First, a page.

Robert recognizes that Jackson is at a crossroads in his life and tells his son that he (Jackson) will be fine no matter what he decides. He also assures Jackson that they aren’t the same and knows that Jackson is a committed person. Roberts tells Jackson that anyone with any sense wants to run away once in a while, but they don’t go through with it. He knows Jackson isn’t a runner because he would have been long gone by now if he was. Robert explains that there is a difference between being scared of doing the right thing or just doing the wrong thing. He ends the talk by telling Jackson that he doesn’t want him to blame any decision on him because Jackson is ten times the man he will ever be. Hopefully this visit is very healing for the father and son and they can resume some sort of relationship. 


In a new timeline, we see Jackson arrive at Catherine’s house post-Montana trip. When his mom answers the door, Jackson quickly tells her that he can’t stay in Seattle anymore. He needs to do something good and get a sense of equity because he doesn’t want people of color to have to fight to have decent medical care. He mentions the deep-seated neglect of the current healthcare system to round out his thoughts before dropping the bombshell that he wants to take over the foundation and move every penny into helping racial equity in medicine. Jackson wants to do whatever it takes to balance the scales, even if he has to dismantle the medical system to make something that will service everyone. Before Catherine can even respond, Jackson says he loves her and needs to go immediately talk to April. He runs back to his car, leaving his mother in stunned tears. 

The next morning, the storm has passed and Jackson is having breakfast with Harriet. April wakes up after spending the night on the couch and is happy to hear that Harriet’s fever is gone. April asks Jackson if he is sure about taking over the foundation and moving to Boston. Jackson admits he isn’t sure it will work, but he’s sure he wants to try. April takes a quick shortcut to mention how she doesn’t get how their romantic timing has always been so awful. They talk a little about their on-again-off-again relationship and how their thing was always arguing until they had sex. 

Jackson gets back on topic by telling April that it’s okay if they stay because he has realized that it’s unfair of him to ask them to go. April responds that he deserves this opportunity and that they will make Boston work. She says yes to the plan... without consulting Matthew. Jackson is thrilled and surprised at the same time because he didn’t think it would be that easy. He vocalizes how he also thought she would have to pray on it and consult with Matthew. She quickly says no and Jackson keeps talking about Matthew. Eventually, April interrupts to blurt out that she and Matthew split up. Jackson is just as floored as the audience and had no idea about the split. April explains that they kept trying to tell themselves that it was God’s plan to bring them back together after she left Matthew at the altar at their first wedding, but Matthew was still so angry and hurt by her actions. Matthew denied it for so long and tried not to hate April, but he ultimately couldn’t let it go. They learned that life isn’t always so tidy and that God’s plan isn’t always easy to understand.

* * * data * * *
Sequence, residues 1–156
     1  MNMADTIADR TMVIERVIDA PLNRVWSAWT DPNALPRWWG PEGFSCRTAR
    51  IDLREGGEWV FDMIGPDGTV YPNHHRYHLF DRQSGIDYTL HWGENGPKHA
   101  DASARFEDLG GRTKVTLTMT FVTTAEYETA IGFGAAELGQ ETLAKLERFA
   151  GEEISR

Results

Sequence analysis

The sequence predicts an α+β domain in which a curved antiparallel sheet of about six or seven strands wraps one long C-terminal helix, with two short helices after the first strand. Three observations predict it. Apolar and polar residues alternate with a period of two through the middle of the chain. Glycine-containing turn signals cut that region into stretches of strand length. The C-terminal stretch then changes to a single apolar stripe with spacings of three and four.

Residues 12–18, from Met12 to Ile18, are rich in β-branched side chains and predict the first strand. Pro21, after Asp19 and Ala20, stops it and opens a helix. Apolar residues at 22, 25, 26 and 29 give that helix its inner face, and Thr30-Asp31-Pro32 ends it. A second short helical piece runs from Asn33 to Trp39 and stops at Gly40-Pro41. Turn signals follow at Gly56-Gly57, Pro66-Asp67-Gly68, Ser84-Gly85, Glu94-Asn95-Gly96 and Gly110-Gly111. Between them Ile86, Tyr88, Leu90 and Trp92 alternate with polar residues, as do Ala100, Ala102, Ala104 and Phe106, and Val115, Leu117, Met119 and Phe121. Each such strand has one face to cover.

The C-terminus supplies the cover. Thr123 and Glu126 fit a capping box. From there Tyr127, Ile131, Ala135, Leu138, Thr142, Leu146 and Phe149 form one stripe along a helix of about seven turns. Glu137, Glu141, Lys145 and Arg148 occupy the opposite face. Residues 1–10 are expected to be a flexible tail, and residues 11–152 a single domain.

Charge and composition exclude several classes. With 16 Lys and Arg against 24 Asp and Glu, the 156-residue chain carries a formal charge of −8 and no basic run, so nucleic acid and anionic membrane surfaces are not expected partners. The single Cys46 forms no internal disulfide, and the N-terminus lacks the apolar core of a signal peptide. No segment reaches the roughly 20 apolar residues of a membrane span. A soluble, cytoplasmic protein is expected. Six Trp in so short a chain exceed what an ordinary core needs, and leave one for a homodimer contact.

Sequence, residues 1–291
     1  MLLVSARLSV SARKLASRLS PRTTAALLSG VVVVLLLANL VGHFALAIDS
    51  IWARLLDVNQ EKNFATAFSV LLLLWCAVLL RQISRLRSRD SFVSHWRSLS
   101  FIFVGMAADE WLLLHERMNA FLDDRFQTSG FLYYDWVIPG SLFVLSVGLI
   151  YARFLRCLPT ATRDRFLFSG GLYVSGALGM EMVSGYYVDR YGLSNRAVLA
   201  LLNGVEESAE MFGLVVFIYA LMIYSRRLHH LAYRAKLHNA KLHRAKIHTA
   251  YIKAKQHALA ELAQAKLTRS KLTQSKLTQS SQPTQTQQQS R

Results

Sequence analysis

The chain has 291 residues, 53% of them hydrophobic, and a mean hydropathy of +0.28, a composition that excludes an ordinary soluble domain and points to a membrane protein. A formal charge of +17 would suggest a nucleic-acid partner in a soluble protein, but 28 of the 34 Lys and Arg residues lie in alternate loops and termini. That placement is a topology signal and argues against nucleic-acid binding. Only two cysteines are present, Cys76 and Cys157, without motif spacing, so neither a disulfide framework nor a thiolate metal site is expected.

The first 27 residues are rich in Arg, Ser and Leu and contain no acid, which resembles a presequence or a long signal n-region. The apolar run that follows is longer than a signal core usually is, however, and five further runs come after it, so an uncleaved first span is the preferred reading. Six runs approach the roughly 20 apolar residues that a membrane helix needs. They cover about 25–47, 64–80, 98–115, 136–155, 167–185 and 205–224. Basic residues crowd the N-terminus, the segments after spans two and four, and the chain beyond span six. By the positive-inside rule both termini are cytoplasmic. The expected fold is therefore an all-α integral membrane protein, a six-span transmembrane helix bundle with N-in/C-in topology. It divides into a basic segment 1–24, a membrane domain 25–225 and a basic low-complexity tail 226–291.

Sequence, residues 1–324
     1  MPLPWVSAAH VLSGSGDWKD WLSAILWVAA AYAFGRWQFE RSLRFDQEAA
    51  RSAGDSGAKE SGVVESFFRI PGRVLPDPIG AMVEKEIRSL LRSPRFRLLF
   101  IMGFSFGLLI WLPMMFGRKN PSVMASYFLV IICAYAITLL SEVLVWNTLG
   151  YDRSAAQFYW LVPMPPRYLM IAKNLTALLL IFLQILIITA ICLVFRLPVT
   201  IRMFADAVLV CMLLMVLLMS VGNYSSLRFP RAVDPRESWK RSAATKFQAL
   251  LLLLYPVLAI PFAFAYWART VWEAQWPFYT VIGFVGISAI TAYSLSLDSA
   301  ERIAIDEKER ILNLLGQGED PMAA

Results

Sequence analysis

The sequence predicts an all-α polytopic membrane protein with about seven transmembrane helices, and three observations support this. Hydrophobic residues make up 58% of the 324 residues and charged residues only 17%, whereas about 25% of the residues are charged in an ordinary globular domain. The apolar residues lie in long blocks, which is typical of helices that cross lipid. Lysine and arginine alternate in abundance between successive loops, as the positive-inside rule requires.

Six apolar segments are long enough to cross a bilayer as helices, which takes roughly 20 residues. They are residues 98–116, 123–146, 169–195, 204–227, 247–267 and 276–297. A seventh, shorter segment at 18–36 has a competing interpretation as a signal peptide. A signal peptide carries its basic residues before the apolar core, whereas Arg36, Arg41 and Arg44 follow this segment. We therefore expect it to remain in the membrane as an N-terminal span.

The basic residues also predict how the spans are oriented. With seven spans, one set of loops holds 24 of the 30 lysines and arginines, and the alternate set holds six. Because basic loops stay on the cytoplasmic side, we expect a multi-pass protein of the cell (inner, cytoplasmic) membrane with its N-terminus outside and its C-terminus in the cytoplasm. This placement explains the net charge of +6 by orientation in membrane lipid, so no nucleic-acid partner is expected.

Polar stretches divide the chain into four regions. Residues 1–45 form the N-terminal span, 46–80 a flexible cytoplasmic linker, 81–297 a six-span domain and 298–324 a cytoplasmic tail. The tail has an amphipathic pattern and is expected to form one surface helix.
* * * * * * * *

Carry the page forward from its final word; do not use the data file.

April says that they both started working longer hours and spending more time apart before Matthew eventually went to Philadelphia to support his sick sister. One day, he called April and told her that he was staying in Philly and wouldn’t be coming back. Jackson is still shocked, and April says that she was going to tell him but didn’t think her marriage counted as a casualty with everything that is happening in the world. Jackson jokes that April was too proud to say anything before seriously asking her if she’s okay. April says that it’s hard to say, but it looks like she’s moving to Boston so she has her fingers crossed for new horizons. I could almost hear the cheers of the Japril fans across the world when she finished her thoughts.

The episode wraps up with a quick glance of Catherine and Richard at home. Catherine is still visibly upset so Richard consoles her by saying that Jackson will come back and that she can always go visit. He knows it’s hard to hand over something you put your whole life into. Catherine assures her husband that she’s not sad and that her tears are due to the overwhelming pride she has for Jackson’s decision. We then see Jackson putting his coat on at April’s and getting ready to leave. He tells her that he needs a few days to figure out what to say to Bailey and to tie up loose ends in Seattle. He can’t quite put his feelings into words, and April agrees. They hug each other, and Jackson leaves to go back to Seattle one last time. It is quite shocking to learn that Jackson is in fact leaving Seattle for good in the next episode (airing May 20), but the way he is doing so is wonderful. His mission is one all fans will get behind whether you want to see him go or not. Plus, we have the added bonus of Jackson and April starting fresh and maybe, just maybe, finally making things work. While it is hard to see a second main cast member leave the show in one season, especially one so long-tenured, Jackson/Jesse Williams is leaving on his own terms and getting the proper goodbye he deserves.